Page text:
The California state Senate today unanimously approved SB 26, a bill by Senators Nancy Skinner, D-Berkeley, and Steven Bradford, D-Gardena, that will move up the effective date of California’s Fair Pay to Play Act to Sept. 1, 2021. SB 26, which is co-authored by California Senate Republican Leader Scott Wilk, R-Santa Clarita, will also expand and strengthen the rights of college athletes to earn money from their name, image, and likeness (NIL).
The Senate voted 35-0 to greenlight SB 26 after the bill won unanimous approval last week from the state Assembly on a 73-0 vote. SB 26 has received zero “no” votes this year, and now heads to Gov. Gavin Newsom for consideration.
“California broke the NCAA’s stranglehold on student athletes, sparking a national movement when we enacted SB 206, the Fair Pay to Play Act, two years ago,” Sen. Skinner said. “More than 25 states followed, giving student athletes the right to earn money from their name, image, and likeness. Collectively, we forced the NCAA to abandon its exploitive rules. Now, California is taking the lead again with SB 26 to accelerate the implementation of our NIL law and ensure that our college athletes’ rights are fully protected.”
“I have been an athlete. I have been a coach. Sports are an important part of my life and that of so many people. Even in sports, we need to have justice. It has never sat right with me that college sports is a multibillion-dollar industry, with the president of the NCAA, commissioners, and football coaches making millions of dollars each. Yet the stars of the show, the student athletes – many of whom are people of color and who put butts in seats – are not compensated for their immense effort and talent. We all can recognize that is morally bankrupt,” Sen. Bradford said. “Taking a stand to free our college athletes from the bondage of the chattel system of college sports with SB 206 was a game-changer, and speeding up the timeline for its implementation to Sept. 1, 2021 with SB 26 is an absolute necessity.”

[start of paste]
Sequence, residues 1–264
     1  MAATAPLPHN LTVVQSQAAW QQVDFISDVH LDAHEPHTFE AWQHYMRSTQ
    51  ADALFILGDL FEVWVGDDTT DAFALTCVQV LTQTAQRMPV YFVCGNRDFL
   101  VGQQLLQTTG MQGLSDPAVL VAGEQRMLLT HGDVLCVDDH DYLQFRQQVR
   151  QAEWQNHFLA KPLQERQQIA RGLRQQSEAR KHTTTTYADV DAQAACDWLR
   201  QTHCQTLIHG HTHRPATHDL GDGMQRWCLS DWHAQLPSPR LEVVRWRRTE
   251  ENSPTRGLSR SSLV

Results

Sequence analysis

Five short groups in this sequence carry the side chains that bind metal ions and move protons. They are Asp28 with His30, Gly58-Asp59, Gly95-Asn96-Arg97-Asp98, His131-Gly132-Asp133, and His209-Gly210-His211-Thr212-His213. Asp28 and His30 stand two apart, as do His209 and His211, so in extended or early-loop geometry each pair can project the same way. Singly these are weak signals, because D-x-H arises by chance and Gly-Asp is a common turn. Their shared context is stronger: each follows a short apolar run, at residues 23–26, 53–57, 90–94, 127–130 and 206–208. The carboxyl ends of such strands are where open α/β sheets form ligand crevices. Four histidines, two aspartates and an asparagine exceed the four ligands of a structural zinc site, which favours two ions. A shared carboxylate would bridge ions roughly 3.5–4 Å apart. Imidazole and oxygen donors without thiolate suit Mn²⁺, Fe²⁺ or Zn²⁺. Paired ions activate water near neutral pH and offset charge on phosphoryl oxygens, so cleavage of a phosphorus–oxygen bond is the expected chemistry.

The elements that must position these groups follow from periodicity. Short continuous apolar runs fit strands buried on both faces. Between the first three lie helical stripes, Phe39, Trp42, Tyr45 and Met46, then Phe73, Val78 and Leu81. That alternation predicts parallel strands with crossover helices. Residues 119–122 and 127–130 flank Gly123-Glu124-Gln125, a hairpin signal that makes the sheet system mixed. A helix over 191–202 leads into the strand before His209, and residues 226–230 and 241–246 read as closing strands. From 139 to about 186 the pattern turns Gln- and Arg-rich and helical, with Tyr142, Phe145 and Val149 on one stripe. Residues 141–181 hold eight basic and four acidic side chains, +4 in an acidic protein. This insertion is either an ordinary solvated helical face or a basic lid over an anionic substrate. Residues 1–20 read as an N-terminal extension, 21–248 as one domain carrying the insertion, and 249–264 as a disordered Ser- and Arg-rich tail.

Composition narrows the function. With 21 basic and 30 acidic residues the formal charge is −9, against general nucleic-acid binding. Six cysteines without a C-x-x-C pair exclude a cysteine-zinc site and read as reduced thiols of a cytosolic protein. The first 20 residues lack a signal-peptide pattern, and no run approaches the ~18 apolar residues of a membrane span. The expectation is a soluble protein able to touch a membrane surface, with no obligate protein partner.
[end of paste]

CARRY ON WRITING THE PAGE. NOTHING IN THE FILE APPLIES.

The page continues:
“Our athletes should not be waiting on the sidelines. After all, this was our idea,” added Sen. Wilk, who also co-authored SB 206.
After Gov. Newsom signed SB 206, the Fair Pay to Play Act, into law in September 2019 on LeBron James’ HBO show, 26 other states followed California and enacted similar laws, granting NIL rights to college athletes. Fourteen of those state laws have already gone into effect or will take effect this year, in advance of California’s law, which takes effect Jan. 1, 2023.
Then, in late June, the U.S. Supreme Court ruled in “National Collegiate Athletic Association v. Alston” that the NCAA must abide by anti-monopoly laws and does not have blanket authority to deny the rights of college athletes when it comes to compensation.
Those developments compelled the NCAA to finally disband its longstanding rules that prohibited college athletes from earning money, effective July 1.
However, in states that do not have an NIL law or in those like California where the NIL law has not yet taken effect, the NCAA has decided to allow colleges and universities to develop their own rules.
Enacting SB 26 with the Sept. 1 implementation date will clear up any confusion that California schools and college students might have about NIL rights in California. It will also ensure that all California colleges and student athletes will compete on a level playing field.
Enacting SB 26 immediately will also protect the rights of California colleges and universities, because the Fair Pay to Play Act includes safeguards that prohibit college athletes from signing endorsement deals that conflict with their school’s deal when it comes to official team activities.
SB 26 also strengthens the Fair Pay to Play Act by allowing college athletes to earn money from their “athletic reputation.” The concept of athletic reputation has been adopted by other states and embraced by the NCAA, and it will ensure that a college athlete can identify in ads and endorsements what school they attend.
Finally, SB 26 also adds California Community Colleges to the Fair Pay to Play Act.